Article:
The Red Shoes
In A Chorus Line Val (“Dance: Ten; Looks: Three”) has this to say: “Oh, yeah, let’s get one thing straight. See, I never heard about The Red Shoes, I never saw The Red Shoes, I didn’t give a fuck about The Red Shoes.” For some reason, that was my attitude for a long time, too, and now that I’ve seen it I’m trying to figure out why. I love dancing in the movies, and this was sure to be about dancing. Maybe I heard some disparaging remarks about the movie. Maybe I thought it was some sort of lame fairy tale. I just don’t know. But better late than never. I have finally seen this amazing masterpiece, and it’s so good I could watch it again tonight.
It is the creation of the team of Michael Powell and Emeric Pressburger, “The Archers.” who seem to have been the Coen Brothers of the ‘40s and ‘50s, writing and directing together. (Gay? No, but who gives a shit?) The inspiration was the Hans Christian Anderson story about the woman whose red shoes forced her to dance until she was dead. (Well, she would have, but a man kindly cut her feet off … and what in the world made HCA think this was a story for children?) The center of this backstage story is the ballet of “The Red Shoes,” danced by a newcomer who is being groomed as a star by a Svengali-like impresario. He believes that to be a great dancer there must be nothing else in her life, not even love, but of course she is in love with a young composer. The pressure from these two jerks eventually leads her to take her own life when she feels the shoes are controlling her.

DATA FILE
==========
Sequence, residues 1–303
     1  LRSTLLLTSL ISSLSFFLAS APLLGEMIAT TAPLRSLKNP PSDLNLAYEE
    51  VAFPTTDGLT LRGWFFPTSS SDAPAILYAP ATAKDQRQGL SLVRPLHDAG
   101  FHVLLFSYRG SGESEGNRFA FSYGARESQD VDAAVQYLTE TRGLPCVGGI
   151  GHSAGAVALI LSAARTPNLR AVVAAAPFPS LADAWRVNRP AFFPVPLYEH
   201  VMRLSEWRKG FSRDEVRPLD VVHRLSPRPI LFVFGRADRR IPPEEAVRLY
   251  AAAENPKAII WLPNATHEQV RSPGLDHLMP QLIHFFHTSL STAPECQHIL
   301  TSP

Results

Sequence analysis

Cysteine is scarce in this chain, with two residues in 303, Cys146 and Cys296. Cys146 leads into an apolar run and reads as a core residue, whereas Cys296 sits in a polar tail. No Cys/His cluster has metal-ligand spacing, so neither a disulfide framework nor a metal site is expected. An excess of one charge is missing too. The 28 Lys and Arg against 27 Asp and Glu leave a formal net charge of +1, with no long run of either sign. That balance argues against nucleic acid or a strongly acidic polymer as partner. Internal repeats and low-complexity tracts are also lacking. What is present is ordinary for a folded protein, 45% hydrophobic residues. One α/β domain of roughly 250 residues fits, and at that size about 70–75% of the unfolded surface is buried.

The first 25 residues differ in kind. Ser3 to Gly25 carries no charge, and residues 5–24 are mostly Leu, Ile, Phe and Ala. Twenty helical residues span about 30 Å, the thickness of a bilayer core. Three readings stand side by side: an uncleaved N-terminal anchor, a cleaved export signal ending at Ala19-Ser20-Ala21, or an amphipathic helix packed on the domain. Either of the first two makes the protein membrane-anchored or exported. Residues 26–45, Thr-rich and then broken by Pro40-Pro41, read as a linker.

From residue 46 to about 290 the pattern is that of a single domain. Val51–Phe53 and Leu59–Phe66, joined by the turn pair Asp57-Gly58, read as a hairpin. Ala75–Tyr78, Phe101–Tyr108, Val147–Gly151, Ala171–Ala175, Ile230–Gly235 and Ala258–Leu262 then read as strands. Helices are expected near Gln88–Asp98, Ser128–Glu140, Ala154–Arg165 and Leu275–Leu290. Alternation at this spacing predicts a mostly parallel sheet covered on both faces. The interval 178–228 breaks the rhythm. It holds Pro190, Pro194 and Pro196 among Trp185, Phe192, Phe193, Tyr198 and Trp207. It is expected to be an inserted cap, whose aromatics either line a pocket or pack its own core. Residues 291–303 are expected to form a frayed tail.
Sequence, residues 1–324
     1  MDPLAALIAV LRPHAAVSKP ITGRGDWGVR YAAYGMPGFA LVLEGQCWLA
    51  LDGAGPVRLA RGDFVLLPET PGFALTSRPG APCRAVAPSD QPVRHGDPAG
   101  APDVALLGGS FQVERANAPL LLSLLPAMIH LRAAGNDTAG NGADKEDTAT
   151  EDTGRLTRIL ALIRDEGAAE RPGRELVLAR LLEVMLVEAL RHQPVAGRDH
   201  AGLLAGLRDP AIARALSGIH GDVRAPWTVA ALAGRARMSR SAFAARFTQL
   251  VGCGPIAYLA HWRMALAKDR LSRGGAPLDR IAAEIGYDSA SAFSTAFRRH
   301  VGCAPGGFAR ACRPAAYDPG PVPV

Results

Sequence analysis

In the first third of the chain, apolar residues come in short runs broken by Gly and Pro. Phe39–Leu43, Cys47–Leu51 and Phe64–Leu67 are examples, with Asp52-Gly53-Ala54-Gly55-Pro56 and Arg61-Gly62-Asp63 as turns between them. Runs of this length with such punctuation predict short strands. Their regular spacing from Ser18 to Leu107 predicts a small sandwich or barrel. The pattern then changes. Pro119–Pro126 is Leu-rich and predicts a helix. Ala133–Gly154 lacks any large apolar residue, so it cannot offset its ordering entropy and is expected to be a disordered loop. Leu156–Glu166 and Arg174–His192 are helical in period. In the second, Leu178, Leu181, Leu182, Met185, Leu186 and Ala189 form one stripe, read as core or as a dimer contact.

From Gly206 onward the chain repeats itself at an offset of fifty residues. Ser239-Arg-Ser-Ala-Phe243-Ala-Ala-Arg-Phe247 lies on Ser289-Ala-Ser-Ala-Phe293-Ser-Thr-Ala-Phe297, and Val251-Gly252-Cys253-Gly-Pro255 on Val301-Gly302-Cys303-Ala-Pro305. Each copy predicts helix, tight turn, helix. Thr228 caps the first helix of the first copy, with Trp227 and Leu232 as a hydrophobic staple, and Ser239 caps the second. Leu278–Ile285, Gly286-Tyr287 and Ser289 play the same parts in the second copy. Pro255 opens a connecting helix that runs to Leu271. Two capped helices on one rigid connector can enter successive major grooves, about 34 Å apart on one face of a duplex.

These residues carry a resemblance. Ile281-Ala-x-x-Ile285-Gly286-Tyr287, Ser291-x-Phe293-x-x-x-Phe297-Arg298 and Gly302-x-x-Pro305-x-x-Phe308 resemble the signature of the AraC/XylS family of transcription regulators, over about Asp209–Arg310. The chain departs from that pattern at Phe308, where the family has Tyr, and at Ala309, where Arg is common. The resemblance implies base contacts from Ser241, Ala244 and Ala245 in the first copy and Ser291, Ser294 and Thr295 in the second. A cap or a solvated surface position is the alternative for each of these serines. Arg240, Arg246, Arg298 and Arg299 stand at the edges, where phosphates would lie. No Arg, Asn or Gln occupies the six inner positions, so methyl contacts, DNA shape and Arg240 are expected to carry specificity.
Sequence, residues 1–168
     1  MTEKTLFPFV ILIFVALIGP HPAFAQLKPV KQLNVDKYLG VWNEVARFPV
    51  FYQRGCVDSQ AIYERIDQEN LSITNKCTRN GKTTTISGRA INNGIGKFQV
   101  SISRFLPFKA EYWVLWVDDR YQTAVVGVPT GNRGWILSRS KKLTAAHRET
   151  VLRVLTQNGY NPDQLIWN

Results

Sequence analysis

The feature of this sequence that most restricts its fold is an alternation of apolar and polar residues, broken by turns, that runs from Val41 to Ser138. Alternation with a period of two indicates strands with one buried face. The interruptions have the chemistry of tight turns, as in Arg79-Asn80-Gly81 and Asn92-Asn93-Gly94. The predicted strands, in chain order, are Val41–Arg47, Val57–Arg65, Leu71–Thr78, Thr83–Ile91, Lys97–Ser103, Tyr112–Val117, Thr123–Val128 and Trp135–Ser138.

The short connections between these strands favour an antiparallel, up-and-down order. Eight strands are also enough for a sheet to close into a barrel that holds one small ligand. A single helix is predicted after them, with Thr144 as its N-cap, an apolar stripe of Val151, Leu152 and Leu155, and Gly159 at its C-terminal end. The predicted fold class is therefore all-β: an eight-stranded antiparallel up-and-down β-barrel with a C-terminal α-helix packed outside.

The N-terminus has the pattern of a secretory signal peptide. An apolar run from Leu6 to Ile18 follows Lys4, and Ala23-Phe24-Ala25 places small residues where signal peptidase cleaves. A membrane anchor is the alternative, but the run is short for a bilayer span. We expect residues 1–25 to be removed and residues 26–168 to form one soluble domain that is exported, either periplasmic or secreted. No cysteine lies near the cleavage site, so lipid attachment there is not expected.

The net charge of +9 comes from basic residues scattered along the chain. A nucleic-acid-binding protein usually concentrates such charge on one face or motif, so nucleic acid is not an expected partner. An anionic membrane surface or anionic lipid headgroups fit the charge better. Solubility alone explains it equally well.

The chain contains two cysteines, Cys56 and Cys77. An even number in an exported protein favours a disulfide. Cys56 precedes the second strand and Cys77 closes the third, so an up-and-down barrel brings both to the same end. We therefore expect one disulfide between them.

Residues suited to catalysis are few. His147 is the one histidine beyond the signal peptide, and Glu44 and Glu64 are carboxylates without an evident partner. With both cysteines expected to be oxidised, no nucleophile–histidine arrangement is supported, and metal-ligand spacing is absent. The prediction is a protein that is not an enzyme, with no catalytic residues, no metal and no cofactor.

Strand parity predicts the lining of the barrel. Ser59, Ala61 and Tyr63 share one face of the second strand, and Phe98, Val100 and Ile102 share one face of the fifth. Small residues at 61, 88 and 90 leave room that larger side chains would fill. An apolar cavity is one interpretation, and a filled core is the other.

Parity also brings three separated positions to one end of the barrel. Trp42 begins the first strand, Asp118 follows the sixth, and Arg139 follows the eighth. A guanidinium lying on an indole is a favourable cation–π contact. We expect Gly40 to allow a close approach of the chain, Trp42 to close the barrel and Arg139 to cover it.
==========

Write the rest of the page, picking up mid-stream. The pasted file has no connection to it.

But that’s just the rather routine story. The glory here is in how it is told. This movie is in glorious super-saturated color and way ahead of its time in terms of special effects and photography. The camera is used imaginatively and the editing is first-rate. The centerpiece is the 15-minute ballet itself, which begins with the curtain rising on a normal stage, and then opening out to a gigantic space filled with dancers and whirling colors. This is filming to rival the later An American in Paris ballet, and in fact it is said that it was the appearance of The Red Shoes that enabled Gene Kelly to sell the MGM execs on that movie and Invitation to the Dance. There were plenty of song-and-dance musicals at that time, but not really any movies just about dance. Kelly famously used sets patterned on the great French impressionists, and that idea clearly came from this movie, which often reminded me of the work of Van Gogh, Dali, and even Edvard Munch. It is a masterpiece. The dancers are all professionals, and the movie shows the life of a dancer, with the hard work and the endless lessons and practice. Moira Shearer is simply luminous in every shot. There are many close-ups of her face, and it seems to glow from within. This is one of the most beautiful movies I’ve ever seen, right up there with Barry Lyndon, with each shot composed liked a painting. I can hardly praise this movie enough.